A plaque remaining from the Big Apple Night Club at West 135th Street and Seventh Avenue in Harlem.

Above, a 1934 plaque from the Big Apple Night Club at West 135th Street and Seventh Avenue in Harlem. Discarded as trash in 2006. Now a Popeyes fast food restaurant on Google Maps.

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Big Apple Turnover (Ray Williams nickname on New York Knicks, 1979) (5/27)
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Entry from June 23, 2014

"Bouncebackability” is the ability of a sporting team or competitor to come (or “bounce") back from a setback, such as a loss or an injury. “Sox Show Champ Class With Bounce-Back Ability” was cited in print in 1951. “Bounce back-ability”” was cited in print in 1962. “Bounce-back-ability”—referring to the bouncing ability of a ball—was cited in print in 1965.

Crystal Palace manager Iain Dowie popularized “bouncebackability” after a soccer match in 2004, although the term had long been in print before this time.

Wiktionary: bouncebackability
bounce back +‎ -ability. First claimed [to have been invented] by Crystal Palace manager, Iain Dowie.
1. (informal) The ability to recover from bad circumstances.

(Oxford English Dictionary)
bouncebackability, n.
Chiefly Sport.
The capacity to recover quickly or fully from a setback, bad situation, etc.
[1961 Times Recorder (Zanesville, Ohio) 18 Apr. 2 b/1 The Tribe demonstrated its bounce-back ability in a three-game series with Washington, taking the set 2-1.]
1972 Manitowoc (Wisconsin) Herald-Times 25 May m3/2 The ‘bounce-back-ability’ is a valuable asset to the manager.
1991 Economist 5 Oct. 20/2 New York will again demonstrate its bouncebackability.

15 June 1951, Register Star-News (Sandusky, OH), pg. 14, col. 1 banner headline:
Sox Show Champ Class With Bounce-Back Ability

23 August 1962, Bennington (VT) Banner, “‘Bounce Back Festival: Officials Open Revamped Street,” pg. 1, col. 2:
All along Main Street, children can be seen bouncing small, red, rubber balls, symbols of the “bounce back-ability” displayed by local businesses in returning their street to an attractive shopping district after fires in 1959 and 1961 reduced a number of the establishments to ashes.

Google Books
Approaches for Co-workers in Professional Nursing
By Luella Josephine Morison and Mary Agnes Farris
St. Louis, MO: Mosby
Pg. 52:
When the losses become too numerous, you will have some “bounce-back” ability and will try again rather than give up or become discouraged.

8 December 1965, The Daily Star (Hammond, LA), “War, Secret Agents Influencing Santa” by Ralph Harold, pg. 8 col. 5:
One off-beat item making a big splash is the “super” or “go-go” ball. It has amazing bounce-back-ability and is reputed to be the highest bouncing ball in the world, first produced by the same company that came out with the “hula-hoop” several years back.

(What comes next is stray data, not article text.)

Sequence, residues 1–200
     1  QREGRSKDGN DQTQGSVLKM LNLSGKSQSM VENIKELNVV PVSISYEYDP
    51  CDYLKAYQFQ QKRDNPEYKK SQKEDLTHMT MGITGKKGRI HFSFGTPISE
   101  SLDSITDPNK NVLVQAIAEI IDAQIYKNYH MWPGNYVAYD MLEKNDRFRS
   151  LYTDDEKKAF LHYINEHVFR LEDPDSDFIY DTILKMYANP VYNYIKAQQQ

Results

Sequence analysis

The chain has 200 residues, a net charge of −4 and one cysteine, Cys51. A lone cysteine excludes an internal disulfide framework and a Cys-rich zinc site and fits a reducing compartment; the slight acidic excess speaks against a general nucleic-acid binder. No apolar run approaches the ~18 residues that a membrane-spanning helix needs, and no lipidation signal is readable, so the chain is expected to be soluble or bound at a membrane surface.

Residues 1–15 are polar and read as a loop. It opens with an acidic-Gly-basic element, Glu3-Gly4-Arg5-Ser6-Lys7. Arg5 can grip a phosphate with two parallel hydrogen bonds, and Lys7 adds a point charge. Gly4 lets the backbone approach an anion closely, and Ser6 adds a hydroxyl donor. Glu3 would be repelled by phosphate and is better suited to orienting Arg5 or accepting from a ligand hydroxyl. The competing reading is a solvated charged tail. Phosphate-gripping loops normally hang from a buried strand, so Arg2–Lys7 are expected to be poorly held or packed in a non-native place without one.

Google News Archive
25 March 1970, The Blade (Toledo, OH), “Mud Hens Bounce Back,” pg. 43, col. 1:
LAKELAND, Fla.—The Toledo Mud Hens showed their bounce-back ability in an exhibition opener at Marchant Stadium Monday.

30 October 1974, The Capital Times (Madison, WI), advertising supplement, pg. ?:
Lush polyester shag has lasting bounce-back-ability.
(J. C. Penney.—ed.)

3 December 1975, The Plain Dealer (Cleveland, OH), pg. 6-A, col. 3 ad:
(Carpet Bazar.—ed.)

Google Books
A Novel

By David Shields
New York, NY: Simon and Schuster
Pg. 150:
He has the only quality that really matters, what my high school coach used to call “bouncebackability.”

Google Books
Success Is Never Ending, Failure Is Never Final
By Robert H. Schuller
Boston, MA: G.K. Hall
1989, ©1988
Pg. ?:
Another word that illustrates constancy is “bounce-back-ability.”

Urban Dictionary
The ability to bounce back.
Word invented by ex-player and now manager of Crystal Palace FC Iain Dowie.
Currently being promoted by Soccer AM, cult Sky football show shown on Saturday mornings, in an attempt to see it into the Oxford Concise Dictionary.
‘Crystal Palace have shown great bouncebackability against thier opponants to really be back in this game’
by Oxford lad September 11, 2004

OCLC WorldCat record
The prodigal tongue : dispatches from the future of English
Author: Mark Abley
Publisher: Boston : Houghton Mifflin Co., 2008.
Edition/Format: Book : English
Roarific: the power of language change --
Bouncebackability: how words are created and organized --

February 12, 2014
“We tend to forget how good we are when we are not successful, and it’s important that we mind, until now, that we have done very well.” So say Arsene Wenger in the video below, coming off the back of a thrashing from Liverpool. How can coach’s help a team bounce back from an emphatic defeat? Here’s my thoughts.

Badger GP
The Top Dog for Austria is…
Published June 23, 2014 by Craig Normansell
Sergio Perez
A football manager once coined the word “bouncebackability”, ie the ability to bounce back, and its apt that in the middle of a World Cup that such a word could be said of driver of the day for Austria.

Posted by Barry Popik
New York CitySports/Games • Monday, June 23, 2014 • Permalink